The Face of the Law School
This issue of UVA Lawyer celebrates diversity in the Law School. Diversity, of course, has many dimensions. Perhaps the most important—and certainly the most disputed—is use of diversity as a factor in admissions.
At the Law School, assessments of individual applicants begin with intellectual aptitude and academic achievement. We also look for accomplishments and experiences that predict success. These include significant achievement in extracurricular activities, meaningful work experience, successful military service, and contributions to campus or community through service and leadership. Also important are personal qualities, such as a history of growth in response to challenge or the ability to meet and overcome disadvantage. Finally, we seek diversity of all sorts—geographic, racial, ethnic, social, economic, and ideological.
The inclusion of race and ethnicity among the factors that can influence admission is, of course, deeply and durably controversial. It divides the Supreme Court (with a majority approving our current practice) and the nation at large. My own views are expressed in an excerpt reprinted elsewhere in these pages, but I am fully aware that many disagree. Some think we go too far in seeking diversity among our students; others think we don’t go far enough.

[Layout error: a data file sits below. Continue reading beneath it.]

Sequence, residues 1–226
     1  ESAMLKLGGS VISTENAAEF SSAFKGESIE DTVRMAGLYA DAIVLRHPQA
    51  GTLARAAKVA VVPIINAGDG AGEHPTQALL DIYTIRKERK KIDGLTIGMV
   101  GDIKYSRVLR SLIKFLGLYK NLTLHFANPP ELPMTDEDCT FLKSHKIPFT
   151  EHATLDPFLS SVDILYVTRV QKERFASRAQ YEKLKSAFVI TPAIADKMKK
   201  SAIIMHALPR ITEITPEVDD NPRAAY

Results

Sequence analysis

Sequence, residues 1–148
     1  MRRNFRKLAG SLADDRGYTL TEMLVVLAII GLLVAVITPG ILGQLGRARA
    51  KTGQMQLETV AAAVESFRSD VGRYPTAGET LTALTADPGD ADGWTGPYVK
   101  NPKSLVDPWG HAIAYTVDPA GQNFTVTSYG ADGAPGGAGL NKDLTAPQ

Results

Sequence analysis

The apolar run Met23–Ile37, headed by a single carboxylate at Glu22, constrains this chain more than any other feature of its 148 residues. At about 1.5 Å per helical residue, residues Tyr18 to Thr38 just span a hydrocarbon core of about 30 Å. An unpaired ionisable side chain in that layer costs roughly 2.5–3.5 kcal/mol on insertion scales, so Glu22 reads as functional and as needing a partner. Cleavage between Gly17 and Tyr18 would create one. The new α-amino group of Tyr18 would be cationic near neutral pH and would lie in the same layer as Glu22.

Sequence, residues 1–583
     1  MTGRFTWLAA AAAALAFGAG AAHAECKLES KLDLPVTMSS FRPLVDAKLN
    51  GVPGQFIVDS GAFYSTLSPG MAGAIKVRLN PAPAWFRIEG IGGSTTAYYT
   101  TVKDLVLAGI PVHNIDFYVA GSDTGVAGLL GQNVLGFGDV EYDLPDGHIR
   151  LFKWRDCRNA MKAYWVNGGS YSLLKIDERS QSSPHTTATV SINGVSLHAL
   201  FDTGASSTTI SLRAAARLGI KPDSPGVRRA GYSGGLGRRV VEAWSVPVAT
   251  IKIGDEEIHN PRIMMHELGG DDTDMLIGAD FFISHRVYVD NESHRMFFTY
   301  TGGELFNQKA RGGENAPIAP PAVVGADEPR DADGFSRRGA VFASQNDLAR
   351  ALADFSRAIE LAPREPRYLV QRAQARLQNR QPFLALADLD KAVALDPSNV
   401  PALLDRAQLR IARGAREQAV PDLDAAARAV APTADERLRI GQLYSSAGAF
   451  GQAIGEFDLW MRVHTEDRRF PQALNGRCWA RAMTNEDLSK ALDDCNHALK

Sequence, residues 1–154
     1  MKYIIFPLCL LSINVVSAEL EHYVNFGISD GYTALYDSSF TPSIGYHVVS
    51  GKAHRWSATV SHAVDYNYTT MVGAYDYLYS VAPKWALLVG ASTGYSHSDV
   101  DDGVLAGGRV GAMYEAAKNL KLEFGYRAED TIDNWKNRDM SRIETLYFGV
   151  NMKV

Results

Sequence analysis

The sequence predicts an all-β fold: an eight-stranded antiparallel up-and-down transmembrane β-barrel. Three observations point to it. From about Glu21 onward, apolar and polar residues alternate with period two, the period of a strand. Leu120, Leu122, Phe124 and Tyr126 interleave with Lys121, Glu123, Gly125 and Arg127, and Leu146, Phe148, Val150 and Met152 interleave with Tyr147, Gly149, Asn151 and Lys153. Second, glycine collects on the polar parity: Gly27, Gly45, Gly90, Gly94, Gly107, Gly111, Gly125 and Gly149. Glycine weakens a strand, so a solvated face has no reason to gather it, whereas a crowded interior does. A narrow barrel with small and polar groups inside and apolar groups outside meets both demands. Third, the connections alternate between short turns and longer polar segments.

To the critics of our admissions policy, I offer one comment. No one should ignore the sincere and heartfelt convictions that lay on both sides of this difficult issue, but I believe that concerns about affirmative action generally would be substantially allayed by familiarity with its actual operation here in the Law School. Unlike the experience at some other institutions, our students do not divide themselves into hostile factions. The racial, ethnic, economic, social, and ideological differences among our students are far less prominent than the commonality of the experience that unites them. The civility, mutual respect, generosity, and affection that have long characterized the Law School community remain vital and vigorous today. In that environment, diversity actually works—as it should—not to divide or separate but to enhance and enrich the education of all.
Lillian BeVier’s “Charge to the Class”
Also noted in this issue is Lillian BeVier’s “Charge to the Class of 2004.” The idea for this event came from the students. They asked Lillian to speak to them about their opportunities and responsibilities as Law School graduates. To my knowledge, the class meeting held for this purpose was the first such event in the history of the Law School, though members of the Class of 2004 hope that others will follow their lead.
In any event, you will be interested—and perhaps inspired—to hear what Lillian had to say. And you will be proud to welcome these fine young lawyers as the newest members of our alumni family.